And he would always catch the man of iron, no matter the height.

Chapter Text

“Oh my god, thank god you’re here,” greeted Rhodey as soon as he walked in the door.

He just got back from a mission in Nigeria with the Blue Helmets, and was looking forward to seeing his friend and possibly getting drunk with him, laughing away the nights and comparing horror stories. But it didn’t look like he’d be doing that too soon with the look on Bruce’s face. Looks like Tony’ll be drinking while Rhodey makes sure he doesn’t kill himself.

“You should see Tony. He’s been,” Bruce paused. “Not well.”

“What’s wrong?” Rhodey asked, looking around the room as if Tony would be there, but knowing him, whenever he’s less than ideal he hides away in his workshop.

“Every single time he stands up, he looks like he’s going to pass out. Talk to him. He won’t sleep,” he begged. “He’s been like, micro sleeping.”

“I’ve also caught him drunk, claiming that the alcohol helps him go to sleep,” Steve Rogers added from his position on the couch.

“Where is he?” Rhodey put his game face on, his eyebrows low and his eyes determined to make his friend better.

“Either in his workshop or in his room. I’m begging you, he’s actually going to die from exhaustion.”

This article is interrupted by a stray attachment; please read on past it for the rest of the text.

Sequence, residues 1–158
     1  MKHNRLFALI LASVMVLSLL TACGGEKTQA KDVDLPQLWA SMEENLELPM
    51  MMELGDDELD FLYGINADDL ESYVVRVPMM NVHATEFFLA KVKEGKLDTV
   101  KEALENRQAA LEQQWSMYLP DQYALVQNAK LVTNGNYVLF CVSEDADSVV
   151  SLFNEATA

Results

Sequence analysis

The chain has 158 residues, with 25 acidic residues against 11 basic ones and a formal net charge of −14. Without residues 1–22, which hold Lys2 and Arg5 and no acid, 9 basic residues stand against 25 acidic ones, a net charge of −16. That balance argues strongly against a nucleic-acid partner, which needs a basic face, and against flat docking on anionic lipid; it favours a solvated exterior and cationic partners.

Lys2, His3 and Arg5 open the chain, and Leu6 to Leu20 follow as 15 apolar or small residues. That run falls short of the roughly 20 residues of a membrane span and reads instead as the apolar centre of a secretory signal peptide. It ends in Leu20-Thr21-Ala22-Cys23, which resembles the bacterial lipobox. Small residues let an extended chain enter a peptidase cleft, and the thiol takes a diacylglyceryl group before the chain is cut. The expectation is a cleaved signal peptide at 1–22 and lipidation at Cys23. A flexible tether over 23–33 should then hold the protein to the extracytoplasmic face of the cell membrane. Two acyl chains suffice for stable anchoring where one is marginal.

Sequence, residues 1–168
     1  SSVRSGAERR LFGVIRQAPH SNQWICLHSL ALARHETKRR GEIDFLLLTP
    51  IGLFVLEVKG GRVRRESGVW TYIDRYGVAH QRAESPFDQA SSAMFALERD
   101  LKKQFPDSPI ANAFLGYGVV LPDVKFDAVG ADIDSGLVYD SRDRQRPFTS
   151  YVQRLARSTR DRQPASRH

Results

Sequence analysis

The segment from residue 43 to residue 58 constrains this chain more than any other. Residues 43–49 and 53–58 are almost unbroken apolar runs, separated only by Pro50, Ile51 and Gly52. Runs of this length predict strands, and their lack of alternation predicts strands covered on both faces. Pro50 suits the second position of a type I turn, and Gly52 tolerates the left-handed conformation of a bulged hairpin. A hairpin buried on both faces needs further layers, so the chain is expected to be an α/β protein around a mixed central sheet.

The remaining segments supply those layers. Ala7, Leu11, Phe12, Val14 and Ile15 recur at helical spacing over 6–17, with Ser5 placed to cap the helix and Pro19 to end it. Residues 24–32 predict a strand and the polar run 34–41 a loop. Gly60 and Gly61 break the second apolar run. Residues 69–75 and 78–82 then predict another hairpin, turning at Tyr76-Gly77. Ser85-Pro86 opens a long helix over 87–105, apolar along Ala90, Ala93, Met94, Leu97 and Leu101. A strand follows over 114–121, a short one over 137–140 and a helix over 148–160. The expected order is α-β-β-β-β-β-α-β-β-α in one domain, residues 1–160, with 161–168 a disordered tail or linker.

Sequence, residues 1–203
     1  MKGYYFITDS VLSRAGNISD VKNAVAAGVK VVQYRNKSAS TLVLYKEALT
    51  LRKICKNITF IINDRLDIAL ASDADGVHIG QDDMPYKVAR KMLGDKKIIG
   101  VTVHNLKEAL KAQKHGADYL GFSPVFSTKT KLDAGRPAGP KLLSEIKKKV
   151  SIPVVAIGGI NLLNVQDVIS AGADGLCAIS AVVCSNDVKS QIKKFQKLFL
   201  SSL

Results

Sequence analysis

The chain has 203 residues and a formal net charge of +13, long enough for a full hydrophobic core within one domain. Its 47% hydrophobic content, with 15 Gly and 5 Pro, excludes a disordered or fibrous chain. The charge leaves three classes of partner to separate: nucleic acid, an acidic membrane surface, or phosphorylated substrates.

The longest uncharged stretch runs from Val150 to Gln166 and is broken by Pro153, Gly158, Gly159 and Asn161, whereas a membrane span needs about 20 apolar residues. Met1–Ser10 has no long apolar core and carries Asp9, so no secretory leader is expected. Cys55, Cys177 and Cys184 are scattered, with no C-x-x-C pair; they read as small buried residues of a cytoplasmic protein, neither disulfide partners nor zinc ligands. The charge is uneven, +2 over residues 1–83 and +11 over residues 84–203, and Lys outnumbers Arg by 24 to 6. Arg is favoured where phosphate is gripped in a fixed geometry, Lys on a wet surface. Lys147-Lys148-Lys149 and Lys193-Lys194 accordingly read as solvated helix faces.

Rhodey nodded and went straight for the elevator. He smiled at Clint who was just getting off on the floor, and Clint grabbed his elbow.

“You’re best mates with Stark? He’s been having nightmares. He won’t sleep. Gonna overdose on caffeine soon enough, trying to keep himself awake,” Clint said, and it was like he’d been itching to tell someone about his discovery. “Help him.”

“That’s the plan, Mr Hawkeye,” Rhodey gave him a mock salute before he stepped into the elevator and pressed the button for Tony’s floor. Geez, if the team picked up on it, how bad was Tony?

The elevator opened prematurely, and Natasha stepped in, pressing the button for the floor below them, the training floor. She gave a curt nod at Rhodey, who returned the nod, but as she stepped back out onto the proper floor, she turned around like she had just remembered something.

“You here for Stark?” she asked, keeping her foot in the door so it wouldn’t close on them.

“Yeah. Seems he’s been doing badly?” Rhodey hazarded a guess.

“He’s been bad. Caught him rambling the other night. Missing Pepper,” she said, biting her lip worriedly.

“I got him. Don’t worry.”

She nodded gratefully at him. “And Thor also found him on the roof one night,” she added softly, quietly, as if she wasn’t supposed to know this information.

“I got him,” Rhodey repeated. She left without another word and the doors closed, and the elevator slowly went down to Tony’s floor.

The first thing Rhodey noticed once he stepped out, was the silence. This was Tony’s workshop part of his floor, but he was nowhere to be seen. There wasn’t any music playing, there wasn’t any noise of hammer on metal, it was just silent. Every once in a while there was the creak of the building adjusting, but it was eerie. He carefully entered his key for the workshop, and the doors slid open, but it was still dead silent.